# Is concept of “bit” in computer programming similar to the concept of “bit” in information theory?

until today I knew that one bit is a variable, or a space in memory that can hold a value of either One (high) or Zero (low). This is the concept I learned from studying computer programming, microprocessor or DATA bus etc.

But after starting the course on information theory, I found out that bit is expressed as the information content of a symbol in message. This is calculated taking the logarithm (base 2) of the inverse of the probability of occurrence of the symbol.

Are these two concepts same ? On one hand one bit is a variable that can store either zero or one. On the other hand, one bit is the uncertainty associated with one of two symbols with probability of occurrence of 0.5. So, does 1 bit in computer programming or ASCII code mean 1 bit in information content of source or information theory?

A little edit: here is one thing I am finding trouble understanding this topic. See, in data transfer of English alphabets, if we use ASCII code, we basically represent each symbol with 8 bits. Suppose that's 00000000 for a, 00000001 for b etc. So we are essentially allocating 8 quantization levels for each symbol.

But when the information theory comes into play, we take the probability of each symbol into account. 'E' has the highest frequency, where 'Z' has the lowest. So average information content comes down to 3 or 4 bits, right ?

My book says, 'Entropy or average information content is the minimum average number of bits required to represent each sample without distortion'.So, in this case, for efficient data transfer, are we creating maximum four quantization levels for each symbols? Because, on an average they carry information worth 4 bits. If that's so, isn't bit in information theory the same as the one in computer programming, data transfer or ASCII code etc ?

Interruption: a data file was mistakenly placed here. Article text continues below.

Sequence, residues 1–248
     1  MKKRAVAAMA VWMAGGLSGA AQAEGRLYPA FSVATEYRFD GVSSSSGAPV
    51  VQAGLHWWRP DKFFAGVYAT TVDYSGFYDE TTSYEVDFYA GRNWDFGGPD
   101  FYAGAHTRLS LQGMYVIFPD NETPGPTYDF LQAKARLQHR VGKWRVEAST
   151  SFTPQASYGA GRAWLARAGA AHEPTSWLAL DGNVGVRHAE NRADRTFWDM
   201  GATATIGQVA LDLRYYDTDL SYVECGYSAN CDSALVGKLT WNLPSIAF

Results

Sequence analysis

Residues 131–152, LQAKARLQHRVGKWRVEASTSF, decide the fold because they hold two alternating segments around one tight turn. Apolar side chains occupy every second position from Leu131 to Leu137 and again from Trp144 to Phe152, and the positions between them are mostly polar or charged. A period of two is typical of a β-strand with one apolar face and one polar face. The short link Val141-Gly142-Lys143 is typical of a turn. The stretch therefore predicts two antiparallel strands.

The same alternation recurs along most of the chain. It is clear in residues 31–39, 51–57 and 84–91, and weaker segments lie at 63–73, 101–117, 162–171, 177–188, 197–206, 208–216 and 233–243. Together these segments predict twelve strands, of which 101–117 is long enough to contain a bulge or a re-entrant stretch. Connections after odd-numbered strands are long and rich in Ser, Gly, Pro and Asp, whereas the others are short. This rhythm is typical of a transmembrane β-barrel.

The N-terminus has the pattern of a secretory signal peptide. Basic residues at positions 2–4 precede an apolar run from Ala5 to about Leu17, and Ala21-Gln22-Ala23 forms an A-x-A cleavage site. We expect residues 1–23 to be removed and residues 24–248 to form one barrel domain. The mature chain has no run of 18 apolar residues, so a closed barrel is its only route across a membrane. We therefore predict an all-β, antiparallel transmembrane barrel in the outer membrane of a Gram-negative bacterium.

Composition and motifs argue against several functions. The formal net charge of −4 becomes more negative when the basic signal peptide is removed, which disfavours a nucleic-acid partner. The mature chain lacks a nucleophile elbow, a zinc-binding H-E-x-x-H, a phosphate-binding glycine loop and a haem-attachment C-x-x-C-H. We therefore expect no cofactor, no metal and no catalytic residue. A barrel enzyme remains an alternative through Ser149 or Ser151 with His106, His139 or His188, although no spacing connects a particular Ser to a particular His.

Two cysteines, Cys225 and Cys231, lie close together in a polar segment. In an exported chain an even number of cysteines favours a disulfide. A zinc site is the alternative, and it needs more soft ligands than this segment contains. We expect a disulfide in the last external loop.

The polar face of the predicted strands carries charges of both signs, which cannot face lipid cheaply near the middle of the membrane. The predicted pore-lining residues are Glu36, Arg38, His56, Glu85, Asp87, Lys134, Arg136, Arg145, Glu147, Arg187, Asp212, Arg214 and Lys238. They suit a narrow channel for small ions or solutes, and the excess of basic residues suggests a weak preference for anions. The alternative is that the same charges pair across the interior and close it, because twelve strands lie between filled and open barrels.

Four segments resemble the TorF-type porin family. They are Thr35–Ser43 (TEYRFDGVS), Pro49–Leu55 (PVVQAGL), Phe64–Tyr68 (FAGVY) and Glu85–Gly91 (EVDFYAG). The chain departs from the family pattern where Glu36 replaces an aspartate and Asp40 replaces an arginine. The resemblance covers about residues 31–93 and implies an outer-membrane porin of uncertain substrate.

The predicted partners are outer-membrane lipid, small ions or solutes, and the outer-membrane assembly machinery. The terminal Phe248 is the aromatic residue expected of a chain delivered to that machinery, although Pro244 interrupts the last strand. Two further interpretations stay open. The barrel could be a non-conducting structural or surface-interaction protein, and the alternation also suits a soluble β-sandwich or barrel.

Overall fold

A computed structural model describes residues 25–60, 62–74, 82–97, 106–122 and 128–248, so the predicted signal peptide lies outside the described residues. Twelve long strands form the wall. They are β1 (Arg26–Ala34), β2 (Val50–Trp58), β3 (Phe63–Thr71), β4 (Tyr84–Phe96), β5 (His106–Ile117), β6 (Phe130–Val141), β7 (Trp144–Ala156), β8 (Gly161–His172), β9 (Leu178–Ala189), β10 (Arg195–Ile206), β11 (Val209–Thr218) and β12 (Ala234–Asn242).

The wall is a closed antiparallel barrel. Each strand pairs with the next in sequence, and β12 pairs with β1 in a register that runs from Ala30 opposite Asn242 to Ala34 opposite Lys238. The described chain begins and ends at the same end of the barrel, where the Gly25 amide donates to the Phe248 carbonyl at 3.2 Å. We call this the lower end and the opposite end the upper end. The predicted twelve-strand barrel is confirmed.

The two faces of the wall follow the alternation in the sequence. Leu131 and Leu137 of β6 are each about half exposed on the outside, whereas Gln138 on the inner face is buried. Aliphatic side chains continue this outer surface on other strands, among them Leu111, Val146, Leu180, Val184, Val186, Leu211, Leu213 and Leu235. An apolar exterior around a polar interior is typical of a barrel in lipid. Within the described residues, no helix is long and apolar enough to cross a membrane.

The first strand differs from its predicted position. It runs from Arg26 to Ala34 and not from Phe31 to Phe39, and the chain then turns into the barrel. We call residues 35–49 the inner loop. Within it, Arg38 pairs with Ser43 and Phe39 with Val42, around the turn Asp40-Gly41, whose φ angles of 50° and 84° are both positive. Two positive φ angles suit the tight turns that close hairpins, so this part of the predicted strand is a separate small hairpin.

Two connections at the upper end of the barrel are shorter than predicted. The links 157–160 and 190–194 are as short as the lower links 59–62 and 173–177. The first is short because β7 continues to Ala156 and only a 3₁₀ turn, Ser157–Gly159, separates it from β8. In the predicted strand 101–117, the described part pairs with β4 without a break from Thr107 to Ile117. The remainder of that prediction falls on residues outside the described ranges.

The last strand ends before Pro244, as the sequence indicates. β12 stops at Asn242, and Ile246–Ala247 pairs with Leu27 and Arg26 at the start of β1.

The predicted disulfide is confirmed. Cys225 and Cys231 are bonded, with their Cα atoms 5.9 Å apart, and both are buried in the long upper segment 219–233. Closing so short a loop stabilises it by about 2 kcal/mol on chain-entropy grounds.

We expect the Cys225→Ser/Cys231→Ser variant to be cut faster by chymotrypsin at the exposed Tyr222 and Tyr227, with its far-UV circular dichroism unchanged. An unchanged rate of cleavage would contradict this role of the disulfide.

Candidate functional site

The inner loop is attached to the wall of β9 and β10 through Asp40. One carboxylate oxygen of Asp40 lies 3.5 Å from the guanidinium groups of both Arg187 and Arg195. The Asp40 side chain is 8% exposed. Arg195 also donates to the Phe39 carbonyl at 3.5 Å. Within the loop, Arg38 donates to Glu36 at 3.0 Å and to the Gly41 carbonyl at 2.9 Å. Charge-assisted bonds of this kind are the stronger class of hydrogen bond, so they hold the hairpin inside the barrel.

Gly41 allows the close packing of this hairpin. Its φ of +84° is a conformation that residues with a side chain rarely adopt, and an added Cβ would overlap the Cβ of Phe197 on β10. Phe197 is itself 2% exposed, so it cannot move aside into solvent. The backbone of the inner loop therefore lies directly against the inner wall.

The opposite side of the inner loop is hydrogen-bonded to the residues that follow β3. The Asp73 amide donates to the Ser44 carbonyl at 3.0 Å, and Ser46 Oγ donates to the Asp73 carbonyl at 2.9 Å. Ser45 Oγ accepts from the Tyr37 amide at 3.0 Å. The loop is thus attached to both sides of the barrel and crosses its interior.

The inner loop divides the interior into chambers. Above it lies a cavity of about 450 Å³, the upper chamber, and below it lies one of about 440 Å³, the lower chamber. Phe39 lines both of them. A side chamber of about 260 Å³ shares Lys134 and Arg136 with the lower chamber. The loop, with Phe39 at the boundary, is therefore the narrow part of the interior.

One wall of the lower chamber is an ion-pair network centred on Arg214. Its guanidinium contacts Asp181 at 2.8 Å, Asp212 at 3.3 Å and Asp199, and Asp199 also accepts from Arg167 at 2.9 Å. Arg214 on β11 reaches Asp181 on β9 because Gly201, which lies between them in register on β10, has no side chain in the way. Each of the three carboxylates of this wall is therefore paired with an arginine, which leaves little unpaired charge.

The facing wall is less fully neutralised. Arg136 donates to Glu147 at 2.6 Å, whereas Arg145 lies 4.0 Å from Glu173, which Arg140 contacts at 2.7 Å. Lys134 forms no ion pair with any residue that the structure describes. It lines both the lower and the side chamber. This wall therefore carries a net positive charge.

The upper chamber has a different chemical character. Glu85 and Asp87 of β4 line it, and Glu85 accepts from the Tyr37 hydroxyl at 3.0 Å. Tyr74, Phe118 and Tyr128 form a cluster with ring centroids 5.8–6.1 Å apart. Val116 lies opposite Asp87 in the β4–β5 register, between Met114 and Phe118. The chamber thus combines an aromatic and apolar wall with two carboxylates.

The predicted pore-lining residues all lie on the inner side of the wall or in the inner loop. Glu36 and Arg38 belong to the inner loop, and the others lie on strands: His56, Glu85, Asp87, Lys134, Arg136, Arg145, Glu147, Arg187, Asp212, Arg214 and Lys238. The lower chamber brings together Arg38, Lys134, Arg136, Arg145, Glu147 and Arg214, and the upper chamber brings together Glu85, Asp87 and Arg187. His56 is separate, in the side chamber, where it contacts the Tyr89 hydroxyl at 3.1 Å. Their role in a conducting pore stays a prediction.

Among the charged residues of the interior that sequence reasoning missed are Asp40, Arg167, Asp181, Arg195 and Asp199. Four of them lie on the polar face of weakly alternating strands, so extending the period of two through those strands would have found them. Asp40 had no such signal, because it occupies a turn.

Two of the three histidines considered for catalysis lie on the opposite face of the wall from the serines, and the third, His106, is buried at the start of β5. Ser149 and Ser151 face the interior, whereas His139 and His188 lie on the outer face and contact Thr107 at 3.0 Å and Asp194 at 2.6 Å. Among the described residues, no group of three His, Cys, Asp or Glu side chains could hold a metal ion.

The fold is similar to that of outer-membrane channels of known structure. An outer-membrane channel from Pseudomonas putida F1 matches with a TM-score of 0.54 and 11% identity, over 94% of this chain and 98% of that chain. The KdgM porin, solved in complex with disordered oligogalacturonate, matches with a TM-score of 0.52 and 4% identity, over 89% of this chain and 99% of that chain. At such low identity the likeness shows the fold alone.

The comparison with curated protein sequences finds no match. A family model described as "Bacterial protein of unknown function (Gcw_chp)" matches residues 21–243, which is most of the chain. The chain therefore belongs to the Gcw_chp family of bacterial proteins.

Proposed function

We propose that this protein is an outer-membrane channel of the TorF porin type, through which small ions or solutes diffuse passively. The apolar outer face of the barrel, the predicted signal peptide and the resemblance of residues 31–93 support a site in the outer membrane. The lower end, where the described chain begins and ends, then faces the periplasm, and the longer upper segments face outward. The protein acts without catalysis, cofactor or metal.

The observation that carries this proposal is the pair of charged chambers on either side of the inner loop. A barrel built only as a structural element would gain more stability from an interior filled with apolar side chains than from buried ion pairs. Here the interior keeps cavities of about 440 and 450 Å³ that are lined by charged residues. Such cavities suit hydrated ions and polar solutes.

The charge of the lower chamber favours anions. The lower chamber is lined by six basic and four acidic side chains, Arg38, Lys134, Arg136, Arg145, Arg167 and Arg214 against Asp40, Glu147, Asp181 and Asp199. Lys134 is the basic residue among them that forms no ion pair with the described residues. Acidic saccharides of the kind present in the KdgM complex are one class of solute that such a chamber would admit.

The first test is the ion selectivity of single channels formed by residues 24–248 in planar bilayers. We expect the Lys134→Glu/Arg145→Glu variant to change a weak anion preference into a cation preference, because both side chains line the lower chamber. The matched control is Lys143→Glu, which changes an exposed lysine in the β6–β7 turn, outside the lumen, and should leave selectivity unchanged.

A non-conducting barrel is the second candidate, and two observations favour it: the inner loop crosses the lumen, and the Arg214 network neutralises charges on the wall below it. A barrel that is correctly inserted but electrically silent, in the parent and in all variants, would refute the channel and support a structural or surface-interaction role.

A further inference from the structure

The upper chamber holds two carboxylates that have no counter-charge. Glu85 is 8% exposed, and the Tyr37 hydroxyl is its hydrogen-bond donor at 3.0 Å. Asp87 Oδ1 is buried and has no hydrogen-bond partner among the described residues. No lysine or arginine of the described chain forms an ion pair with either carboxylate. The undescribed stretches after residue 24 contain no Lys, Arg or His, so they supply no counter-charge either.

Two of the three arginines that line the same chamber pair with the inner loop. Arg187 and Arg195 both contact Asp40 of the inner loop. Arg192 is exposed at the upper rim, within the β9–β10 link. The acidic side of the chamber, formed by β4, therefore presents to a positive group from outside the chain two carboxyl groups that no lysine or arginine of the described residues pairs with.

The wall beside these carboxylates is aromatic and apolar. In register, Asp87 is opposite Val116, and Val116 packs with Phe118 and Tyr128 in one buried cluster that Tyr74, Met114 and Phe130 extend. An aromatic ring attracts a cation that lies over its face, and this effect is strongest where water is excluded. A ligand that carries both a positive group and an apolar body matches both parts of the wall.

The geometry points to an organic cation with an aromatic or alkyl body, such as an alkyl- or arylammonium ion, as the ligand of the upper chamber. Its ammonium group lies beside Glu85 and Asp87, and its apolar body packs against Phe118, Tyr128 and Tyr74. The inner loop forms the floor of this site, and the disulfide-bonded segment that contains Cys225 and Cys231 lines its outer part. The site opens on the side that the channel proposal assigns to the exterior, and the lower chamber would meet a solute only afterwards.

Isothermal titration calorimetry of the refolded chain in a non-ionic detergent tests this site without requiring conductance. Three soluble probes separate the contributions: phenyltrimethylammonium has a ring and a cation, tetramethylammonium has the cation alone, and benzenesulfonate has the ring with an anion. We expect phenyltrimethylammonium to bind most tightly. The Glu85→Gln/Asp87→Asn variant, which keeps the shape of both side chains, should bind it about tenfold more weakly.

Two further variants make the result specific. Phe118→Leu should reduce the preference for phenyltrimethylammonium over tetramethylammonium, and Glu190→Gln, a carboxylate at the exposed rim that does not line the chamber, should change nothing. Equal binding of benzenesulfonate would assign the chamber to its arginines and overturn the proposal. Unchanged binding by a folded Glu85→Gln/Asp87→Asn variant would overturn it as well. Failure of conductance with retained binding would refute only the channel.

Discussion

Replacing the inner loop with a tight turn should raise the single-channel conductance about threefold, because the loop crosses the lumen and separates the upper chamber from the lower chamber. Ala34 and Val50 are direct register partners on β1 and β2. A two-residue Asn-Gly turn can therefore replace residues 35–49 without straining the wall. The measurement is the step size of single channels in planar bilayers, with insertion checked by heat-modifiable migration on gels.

You probably get that I am clearly a noob here :p

• one thing to add to MBaz's answer is that the scaling of the "bit" in information theory is such that it the same as "bits" in computer memory. there are other units of information in Shannon IT. whatever multiplies the $I(m) = -C\log(P(m))$ function. if it's $C= \frac{1}{\log(2)}$ that scales the log function, then $I(m)$ is in bits. – robert bristow-johnson Oct 15 '15 at 0:21
• @robertbristow-johnson, that's a good point. – MBaz Oct 15 '15 at 12:35
• Huffman coding tries to reach the information theoretic bound by assigning fewer bits to frequent symbols. This is an approximate process as the true frequencies are unknown, and as the number of bits must remain an integer. Arithmetic coding does better and manages to pack using fractional number of bits per symbols. – Yves Daoust Oct 16 '15 at 8:14
• the frequencies (say, of characters, if it's a text file) can be known by counting. also different symbols (with a fractional number of bits) can be grouped together into a single compound message that has close to an integer number of bits. but it will always be less efficient than the theoretic bound. – robert bristow-johnson Oct 18 '15 at 3:31

They are not the same, but they're related. In particular, if you look at a computer memory holding $M$ "computer" bits, where each bit can be considered random and independent of all other bits, and there are roughly 50% of zeros, then the memory also holds roughly $M$ "information theory" bits.

Of course, this is often not the case: computer bits are usually correlated, and not uniformly random. This is why they can be compressed. Compressor programs such as LZW ("source coders" in information theory parlance) work, in a sense, by making each computer bit hold one information bit.

Edited to add: This example may make the distinction clearer. Consider a memoryless source with two outputs, $m_1=000$ and $m_2=001$, with probability 0.5 for each. Clearly, the information in each message is one (information) bit, but its length is three (computer) bits. A source coder, such as the Huffman algorithm, will readily code the messages to $c_1=0$ and $c_2=1$, compressing the source output. You can easily extrapolate this example to a source that produces ASCII-encoded text.